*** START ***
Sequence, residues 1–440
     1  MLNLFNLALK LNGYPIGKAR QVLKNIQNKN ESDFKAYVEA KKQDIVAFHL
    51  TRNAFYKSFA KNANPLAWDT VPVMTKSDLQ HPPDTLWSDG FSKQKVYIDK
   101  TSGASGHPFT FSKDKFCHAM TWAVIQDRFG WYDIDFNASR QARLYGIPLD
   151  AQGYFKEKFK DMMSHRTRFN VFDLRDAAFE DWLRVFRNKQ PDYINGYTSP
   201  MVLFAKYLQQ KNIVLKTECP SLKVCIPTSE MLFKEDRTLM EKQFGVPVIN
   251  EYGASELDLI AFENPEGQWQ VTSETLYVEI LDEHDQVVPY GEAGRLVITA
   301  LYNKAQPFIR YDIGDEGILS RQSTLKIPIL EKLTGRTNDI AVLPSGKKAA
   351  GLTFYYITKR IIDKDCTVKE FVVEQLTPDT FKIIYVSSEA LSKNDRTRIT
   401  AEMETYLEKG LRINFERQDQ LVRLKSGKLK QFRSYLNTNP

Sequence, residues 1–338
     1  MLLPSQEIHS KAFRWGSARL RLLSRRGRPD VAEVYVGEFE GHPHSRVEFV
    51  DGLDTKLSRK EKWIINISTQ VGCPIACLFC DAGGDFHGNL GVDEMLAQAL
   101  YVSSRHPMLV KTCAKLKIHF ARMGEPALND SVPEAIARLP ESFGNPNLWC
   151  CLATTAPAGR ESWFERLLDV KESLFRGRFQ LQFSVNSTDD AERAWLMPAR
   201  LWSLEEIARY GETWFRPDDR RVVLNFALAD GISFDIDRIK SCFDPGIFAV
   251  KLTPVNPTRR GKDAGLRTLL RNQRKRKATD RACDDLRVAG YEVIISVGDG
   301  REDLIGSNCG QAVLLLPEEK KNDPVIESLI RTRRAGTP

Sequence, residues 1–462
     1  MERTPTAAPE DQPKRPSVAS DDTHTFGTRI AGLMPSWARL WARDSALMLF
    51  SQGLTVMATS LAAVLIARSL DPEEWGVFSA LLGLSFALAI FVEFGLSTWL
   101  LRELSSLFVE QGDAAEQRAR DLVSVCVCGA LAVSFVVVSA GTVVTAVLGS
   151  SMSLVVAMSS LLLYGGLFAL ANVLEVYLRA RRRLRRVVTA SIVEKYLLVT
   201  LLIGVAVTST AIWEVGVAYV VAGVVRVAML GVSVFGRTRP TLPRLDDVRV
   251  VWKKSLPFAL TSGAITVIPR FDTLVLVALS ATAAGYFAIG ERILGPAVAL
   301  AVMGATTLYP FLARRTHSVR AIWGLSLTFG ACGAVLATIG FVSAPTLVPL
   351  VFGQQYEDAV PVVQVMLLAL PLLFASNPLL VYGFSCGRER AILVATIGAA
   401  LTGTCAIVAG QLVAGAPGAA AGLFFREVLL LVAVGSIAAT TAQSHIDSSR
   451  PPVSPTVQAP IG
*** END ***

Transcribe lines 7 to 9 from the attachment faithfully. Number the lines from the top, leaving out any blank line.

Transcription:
   251  EYGASELDLI AFENPEGQWQ VTSETLYVEI LDEHDQVVPY GEAGRLVITA
   301  LYNKAQPFIR YDIGDEGILS RQSTLKIPIL EKLTGRTNDI AVLPSGKKAA
   351  GLTFYYITKR IIDKDCTVKE FVVEQLTPDT FKIIYVSSEA LSKNDRTRIT